‘I’m so humbly grateful.’ Dominguez honors alums Tyson Chandler and Tayshaun Prince

Standing side by side in the middle of the Compton Dominguez gym on Friday night holding their framed basketball jerseys were No. 32, Tyson Chandler, and No. 21, Tayshaun Prince, Dons for life and two of the greatest players from Southern California.

The moment was a long time coming for the school and community, honoring individuals who were not only historic players but true role models.

“Honestly, these are going to be some of the best moments of your life,” Chandler told members of this season’s Dominguez basketball team in the weight room before their game against Downey. “Don’t take none of these moments for granted. This is going to be your brothers for life. Things, what you go through together is what makes you bond. You’ll never have this again.”

Prince told the same players, “Whether basketball or whatever it may be, first have that vision to be great. What’s happening to me today is because I had a vision that I wanted to be great. I had obstacles along the way, ups and downs, how you get back up after you get knocked down.”

Each won an Olympic gold medal. Each won an NBA championship. Each won a state championship. In high school, from 1995 to 1998, the 6-foot-9 Prince won four Southern Section titles and two state titles. He was a first-round draft pick out of Kentucky and played from 2002 to 2016 in the NBA. The 7-foot Chandler played with Prince his freshman year at Dominguez and was profiled on CBS’ “60 Minutes” as an eighth-grader. He was the second pick overall in the 2001 NBA draft by the Clippers coming straight out of Dominguez and played in the NBA until 2020.

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Chandler’s former high school teammate, Bobby Jones, did the lobbying and organization to finally get the first two of what should be many Dominguez players to have their jerseys retired. Next up surely will be Hall of Famer Dennis Johnson of Celtics fame.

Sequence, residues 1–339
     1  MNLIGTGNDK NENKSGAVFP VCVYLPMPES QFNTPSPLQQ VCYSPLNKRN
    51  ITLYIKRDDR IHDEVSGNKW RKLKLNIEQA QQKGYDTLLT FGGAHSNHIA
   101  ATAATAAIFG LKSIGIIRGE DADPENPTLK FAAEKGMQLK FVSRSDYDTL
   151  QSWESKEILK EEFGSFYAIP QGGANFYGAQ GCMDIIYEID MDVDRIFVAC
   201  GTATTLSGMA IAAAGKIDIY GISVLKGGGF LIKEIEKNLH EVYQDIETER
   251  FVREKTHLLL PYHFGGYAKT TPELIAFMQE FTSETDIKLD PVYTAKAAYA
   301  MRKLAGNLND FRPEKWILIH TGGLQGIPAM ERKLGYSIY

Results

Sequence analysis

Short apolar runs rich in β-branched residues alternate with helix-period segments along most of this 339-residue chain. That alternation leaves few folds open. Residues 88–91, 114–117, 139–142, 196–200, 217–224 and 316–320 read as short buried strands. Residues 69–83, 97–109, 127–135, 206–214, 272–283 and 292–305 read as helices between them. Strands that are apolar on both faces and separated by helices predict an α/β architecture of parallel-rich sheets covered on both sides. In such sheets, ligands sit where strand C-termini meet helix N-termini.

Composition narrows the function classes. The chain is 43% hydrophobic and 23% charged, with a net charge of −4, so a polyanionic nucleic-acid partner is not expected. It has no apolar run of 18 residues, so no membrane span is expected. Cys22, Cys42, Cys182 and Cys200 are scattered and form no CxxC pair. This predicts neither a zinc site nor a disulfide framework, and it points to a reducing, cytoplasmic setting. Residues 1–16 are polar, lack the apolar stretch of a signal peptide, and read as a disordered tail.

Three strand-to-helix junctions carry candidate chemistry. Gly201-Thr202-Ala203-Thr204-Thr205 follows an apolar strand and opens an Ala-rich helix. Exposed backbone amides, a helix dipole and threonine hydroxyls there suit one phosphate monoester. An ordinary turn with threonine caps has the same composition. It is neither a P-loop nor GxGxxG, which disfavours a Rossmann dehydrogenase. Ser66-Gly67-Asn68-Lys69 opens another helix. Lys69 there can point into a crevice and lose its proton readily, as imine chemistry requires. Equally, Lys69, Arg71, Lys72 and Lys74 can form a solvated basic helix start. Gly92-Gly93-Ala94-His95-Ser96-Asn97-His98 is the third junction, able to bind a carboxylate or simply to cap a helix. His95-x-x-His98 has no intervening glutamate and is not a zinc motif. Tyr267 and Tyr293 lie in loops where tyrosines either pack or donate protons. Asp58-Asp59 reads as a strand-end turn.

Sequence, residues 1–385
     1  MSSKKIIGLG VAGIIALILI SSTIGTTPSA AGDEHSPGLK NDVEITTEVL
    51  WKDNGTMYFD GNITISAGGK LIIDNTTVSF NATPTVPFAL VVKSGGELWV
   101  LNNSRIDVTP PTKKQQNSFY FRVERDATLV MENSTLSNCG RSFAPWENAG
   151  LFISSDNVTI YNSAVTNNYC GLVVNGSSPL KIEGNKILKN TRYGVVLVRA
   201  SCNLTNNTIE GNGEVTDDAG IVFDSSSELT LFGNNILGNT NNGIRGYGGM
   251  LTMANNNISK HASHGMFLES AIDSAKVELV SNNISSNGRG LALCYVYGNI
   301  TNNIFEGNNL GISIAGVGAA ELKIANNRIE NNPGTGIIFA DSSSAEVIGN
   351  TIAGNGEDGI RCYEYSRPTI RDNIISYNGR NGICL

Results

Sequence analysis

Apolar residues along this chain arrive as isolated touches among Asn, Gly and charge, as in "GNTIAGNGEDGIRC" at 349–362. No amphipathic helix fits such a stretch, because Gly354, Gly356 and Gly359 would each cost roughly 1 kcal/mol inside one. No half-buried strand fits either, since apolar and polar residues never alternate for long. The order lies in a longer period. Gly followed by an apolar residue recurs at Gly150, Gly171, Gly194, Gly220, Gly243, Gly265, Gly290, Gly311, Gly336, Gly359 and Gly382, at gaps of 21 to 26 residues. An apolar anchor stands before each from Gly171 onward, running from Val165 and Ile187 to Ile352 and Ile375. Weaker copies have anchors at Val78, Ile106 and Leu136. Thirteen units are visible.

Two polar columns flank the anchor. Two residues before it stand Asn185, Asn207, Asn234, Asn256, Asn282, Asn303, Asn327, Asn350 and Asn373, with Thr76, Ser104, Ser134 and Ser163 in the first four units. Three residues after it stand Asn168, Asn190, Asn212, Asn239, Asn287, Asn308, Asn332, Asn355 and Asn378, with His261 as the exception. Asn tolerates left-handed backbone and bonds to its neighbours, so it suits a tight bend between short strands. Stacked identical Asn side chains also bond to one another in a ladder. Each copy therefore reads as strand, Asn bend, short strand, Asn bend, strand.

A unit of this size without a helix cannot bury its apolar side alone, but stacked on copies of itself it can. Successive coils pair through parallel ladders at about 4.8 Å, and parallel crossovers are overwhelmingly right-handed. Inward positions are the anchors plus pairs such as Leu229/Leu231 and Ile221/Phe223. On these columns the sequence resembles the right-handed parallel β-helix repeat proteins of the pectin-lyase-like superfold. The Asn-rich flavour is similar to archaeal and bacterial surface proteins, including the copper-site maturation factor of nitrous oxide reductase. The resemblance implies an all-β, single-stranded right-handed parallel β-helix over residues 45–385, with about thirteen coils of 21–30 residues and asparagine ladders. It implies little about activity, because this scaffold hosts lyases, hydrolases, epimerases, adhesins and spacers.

“Retiring their jerseys and actually seeing someone come out of your high school and be able to be successful, that’s big for our community and our kids to see,” Dominguez coach Jonathan Davis said.

One Dominguez player said “thank you” to Prince for coming back to talk to the team. It’s that kind of appreciation that certainly will be motivation for others to return soon.

There’s a mural on a wall at Dominguez featuring Prince, Chandler and football’s Richard Sherman, honoring them as Dons and champions.

Chandler stood next to the mural on Friday night feeling emotional. “This is where it all started,” he said wearing an L.A. cap. “To be able to come back here and have a mural up and my jersey retired, I’m so humbly grateful. It’s a great proud moment. I appreciate the love. Some great memories here.”

Prince, asked about his success, said he had the right support system and a vision “to make it to the NBA and whatever was going to be in my path, I wasn’t going to allow it to happen.”

Prince, 42, now works for the Memphis Grizzlies as vice president of basketball affairs. Chandler, 40, is a player development coach for the Dallas Mavericks, the team he helped win their first NBA championship in 2011.

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It was a night for jersey retirements. Huntington Beach Marina retired the jerseys of Cherokee Parks and Rich Branning. And Long Beach St. Anthony honored guard Darrick Martin with a jersey retirement.

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